June 8th: Shelach Lecha
THIS WEEK IN THE TORAH
Rabbi David E. Ostrich
One of the persistent themes of the Book of Numbers is the complaining of the Israelites. Last week, we read (in Numbers 11.1), “The people took to complaining bitterly before the Lord.” Though the manna is easy to get and totally dependable, they are tired of eating the same thing, day after day. They want meat and fish and cucumbers and onions and garlic like they used to enjoy in Egypt. Their longing for Egypt really hurts God’s feelings, and it seems as though they are not appreciating all the blessings that have been showered on them.
This week, they complain about the Land that God has promised them. Moses sends scouts to tour the Land and report on it, and everyone agrees that the Land is wonderful—that it “is flowing with milk and honey!” However, ten of the twelve scouts say that the inhabitants of the Land are large, fierce, and undefeatable—describing God’s plan as a suicide mission. Two of the scouts, Joshua and Caleb, try to downplay the difficulties, and they talk about how God is giving them the Land, how God will help them conquer it—how God has the whole process planned. But, the people are inconsolable, and despite the importuning of Moses, Aaron, Joshua, and Caleb, the people do not want to proceed into the Promised Land. So, God agrees with them and decrees that they can wander in the wilderness until a generation arises with more gumption and more faith.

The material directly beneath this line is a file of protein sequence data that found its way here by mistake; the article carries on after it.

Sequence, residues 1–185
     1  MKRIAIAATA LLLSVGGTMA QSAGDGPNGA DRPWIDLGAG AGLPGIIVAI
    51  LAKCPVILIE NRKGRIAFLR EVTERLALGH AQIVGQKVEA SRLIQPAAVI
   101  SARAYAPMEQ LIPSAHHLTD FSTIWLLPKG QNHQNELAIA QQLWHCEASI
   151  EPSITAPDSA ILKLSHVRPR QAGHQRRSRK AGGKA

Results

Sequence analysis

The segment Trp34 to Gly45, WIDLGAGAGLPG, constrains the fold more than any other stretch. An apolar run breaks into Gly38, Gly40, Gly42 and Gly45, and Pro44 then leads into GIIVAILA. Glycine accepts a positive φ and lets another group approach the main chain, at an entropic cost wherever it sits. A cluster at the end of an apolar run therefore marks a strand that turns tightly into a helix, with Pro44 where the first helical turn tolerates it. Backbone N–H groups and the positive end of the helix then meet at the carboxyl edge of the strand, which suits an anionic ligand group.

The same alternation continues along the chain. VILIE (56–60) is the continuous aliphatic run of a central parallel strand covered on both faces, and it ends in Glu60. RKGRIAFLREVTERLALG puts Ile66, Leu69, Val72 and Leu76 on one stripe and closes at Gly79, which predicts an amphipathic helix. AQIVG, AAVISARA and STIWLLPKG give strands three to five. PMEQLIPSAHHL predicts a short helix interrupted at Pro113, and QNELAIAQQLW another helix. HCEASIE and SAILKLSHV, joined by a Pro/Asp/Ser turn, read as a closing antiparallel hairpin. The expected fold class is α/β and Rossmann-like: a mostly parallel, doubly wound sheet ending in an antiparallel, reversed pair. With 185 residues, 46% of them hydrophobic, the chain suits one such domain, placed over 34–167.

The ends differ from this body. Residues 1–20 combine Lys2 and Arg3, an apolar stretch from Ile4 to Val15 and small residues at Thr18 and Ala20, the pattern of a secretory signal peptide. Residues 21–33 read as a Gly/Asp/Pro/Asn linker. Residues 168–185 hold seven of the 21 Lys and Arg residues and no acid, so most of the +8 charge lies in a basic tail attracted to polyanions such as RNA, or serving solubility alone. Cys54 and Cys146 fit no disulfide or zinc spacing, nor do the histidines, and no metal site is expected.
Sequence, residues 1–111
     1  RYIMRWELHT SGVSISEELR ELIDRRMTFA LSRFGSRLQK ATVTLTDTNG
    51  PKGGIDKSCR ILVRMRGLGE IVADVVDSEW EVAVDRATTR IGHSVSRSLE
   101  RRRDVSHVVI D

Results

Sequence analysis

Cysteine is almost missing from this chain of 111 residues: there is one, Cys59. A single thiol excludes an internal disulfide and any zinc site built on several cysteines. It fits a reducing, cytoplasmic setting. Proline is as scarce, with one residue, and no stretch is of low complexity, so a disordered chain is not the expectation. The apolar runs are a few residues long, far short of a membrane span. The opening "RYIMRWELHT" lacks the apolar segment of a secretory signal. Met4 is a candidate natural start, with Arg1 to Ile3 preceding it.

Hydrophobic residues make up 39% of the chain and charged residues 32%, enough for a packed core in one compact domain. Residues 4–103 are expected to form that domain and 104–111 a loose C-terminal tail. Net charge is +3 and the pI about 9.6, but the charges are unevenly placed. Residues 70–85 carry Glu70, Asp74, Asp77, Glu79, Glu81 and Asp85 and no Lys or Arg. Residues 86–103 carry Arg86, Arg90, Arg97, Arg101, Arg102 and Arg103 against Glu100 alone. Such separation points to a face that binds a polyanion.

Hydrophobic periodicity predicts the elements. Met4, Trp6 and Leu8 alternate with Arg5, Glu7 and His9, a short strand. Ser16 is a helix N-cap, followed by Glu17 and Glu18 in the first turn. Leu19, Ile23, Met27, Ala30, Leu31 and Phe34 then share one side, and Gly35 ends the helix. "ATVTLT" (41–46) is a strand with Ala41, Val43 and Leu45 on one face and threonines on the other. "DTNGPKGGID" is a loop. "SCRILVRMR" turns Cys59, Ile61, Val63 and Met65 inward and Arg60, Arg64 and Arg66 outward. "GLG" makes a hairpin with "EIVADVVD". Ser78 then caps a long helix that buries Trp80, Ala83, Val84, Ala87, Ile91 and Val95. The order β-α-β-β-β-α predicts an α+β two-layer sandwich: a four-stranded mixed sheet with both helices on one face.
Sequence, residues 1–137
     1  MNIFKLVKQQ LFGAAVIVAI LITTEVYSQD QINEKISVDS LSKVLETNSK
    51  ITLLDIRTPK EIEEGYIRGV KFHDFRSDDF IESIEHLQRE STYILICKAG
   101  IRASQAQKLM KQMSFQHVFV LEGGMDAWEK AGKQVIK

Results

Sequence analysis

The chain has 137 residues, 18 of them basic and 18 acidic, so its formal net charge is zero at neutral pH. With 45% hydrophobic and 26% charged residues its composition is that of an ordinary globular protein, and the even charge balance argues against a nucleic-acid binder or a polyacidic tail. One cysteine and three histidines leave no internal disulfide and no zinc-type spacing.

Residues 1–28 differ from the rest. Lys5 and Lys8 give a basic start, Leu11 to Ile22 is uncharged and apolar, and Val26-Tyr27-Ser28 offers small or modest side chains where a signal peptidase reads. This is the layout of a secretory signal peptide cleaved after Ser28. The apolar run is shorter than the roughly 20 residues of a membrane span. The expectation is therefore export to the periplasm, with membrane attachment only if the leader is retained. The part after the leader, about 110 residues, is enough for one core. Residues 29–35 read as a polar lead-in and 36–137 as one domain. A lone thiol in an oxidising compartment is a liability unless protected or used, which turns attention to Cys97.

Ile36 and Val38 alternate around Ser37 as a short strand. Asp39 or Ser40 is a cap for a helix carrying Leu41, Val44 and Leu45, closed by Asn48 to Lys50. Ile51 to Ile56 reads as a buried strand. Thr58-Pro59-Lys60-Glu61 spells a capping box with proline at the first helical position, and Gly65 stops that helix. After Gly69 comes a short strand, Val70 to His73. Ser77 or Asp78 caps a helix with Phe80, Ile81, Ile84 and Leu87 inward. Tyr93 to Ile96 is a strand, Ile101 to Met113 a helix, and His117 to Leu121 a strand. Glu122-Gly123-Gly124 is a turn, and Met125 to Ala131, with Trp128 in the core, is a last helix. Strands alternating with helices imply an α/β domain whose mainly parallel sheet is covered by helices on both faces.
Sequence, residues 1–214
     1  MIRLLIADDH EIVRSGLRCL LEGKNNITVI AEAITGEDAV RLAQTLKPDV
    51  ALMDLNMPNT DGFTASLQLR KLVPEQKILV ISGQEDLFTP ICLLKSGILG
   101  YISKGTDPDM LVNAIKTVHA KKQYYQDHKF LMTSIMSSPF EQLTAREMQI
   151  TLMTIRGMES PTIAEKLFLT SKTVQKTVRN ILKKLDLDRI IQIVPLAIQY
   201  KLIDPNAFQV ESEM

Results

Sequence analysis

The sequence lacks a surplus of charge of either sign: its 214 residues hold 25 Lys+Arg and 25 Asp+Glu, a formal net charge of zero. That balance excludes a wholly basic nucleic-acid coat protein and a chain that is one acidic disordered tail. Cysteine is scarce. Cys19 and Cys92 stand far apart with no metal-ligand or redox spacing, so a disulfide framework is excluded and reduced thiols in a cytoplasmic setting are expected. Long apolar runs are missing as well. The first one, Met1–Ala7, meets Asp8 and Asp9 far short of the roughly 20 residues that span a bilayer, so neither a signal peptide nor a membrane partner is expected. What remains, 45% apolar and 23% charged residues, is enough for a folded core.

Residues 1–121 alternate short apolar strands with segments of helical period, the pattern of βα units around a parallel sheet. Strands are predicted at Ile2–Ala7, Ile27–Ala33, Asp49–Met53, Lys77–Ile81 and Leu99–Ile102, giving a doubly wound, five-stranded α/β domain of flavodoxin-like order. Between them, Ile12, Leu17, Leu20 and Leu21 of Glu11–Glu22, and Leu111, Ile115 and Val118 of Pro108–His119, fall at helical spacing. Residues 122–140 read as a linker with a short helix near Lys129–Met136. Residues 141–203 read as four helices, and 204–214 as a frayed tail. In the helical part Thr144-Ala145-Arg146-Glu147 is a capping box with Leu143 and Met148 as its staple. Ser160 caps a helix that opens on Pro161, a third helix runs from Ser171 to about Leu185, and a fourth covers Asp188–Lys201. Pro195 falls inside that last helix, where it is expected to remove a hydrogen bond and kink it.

The Tradition sees all the complaining as indications of small-mindedness, lack of faith, and a lack of courage. The Tradition encourages us to have faith and to bravely go on the various errands God’s sends our people—and not to complain.
Sometimes, however, I wonder about the different kinds of complaining and whether all complaining is bad. While presumably God knew what was in the hearts of the complaining Israelites, the complaining that we hear may not all be bad. In fact, one can even see a tradition of complaining or grumbling in our sacred history. While some voices speak with great enthusiasm, others speak with an acute awareness of the difficult things God asks us to do.
This divergence can be seen in a Midrash that has two different endings. The initial message of the Midrash is that Israel is God’s last choice as the chosen people. God wants one of the ancient seventy nations to accept the Ten Commandments and Torah, and God shops around to see if anyone will agree. God asks one group, but they ask for an example of a commandment. When God says, “Thou shalt not murder,” they reject the proposal because they like to murder. Another group refuses God because they like adultery; another group says No because they like stealing. After asking sixty-nine of the world’s nations, God finally comes to Israel, the very last choice.
Here the Midrashim diverge. In one ending, Israel declares, “na’aseh v’nish’ma/we will do and then we will hear,” accepting immediately—without even asking for an example. Thus do our ancestors show their intense devotion to God and duty. The effects of this Midrash are twofold. We praise the holiness of our sainted ancestors, and we hold them up as examples for future generations (us!) to follow.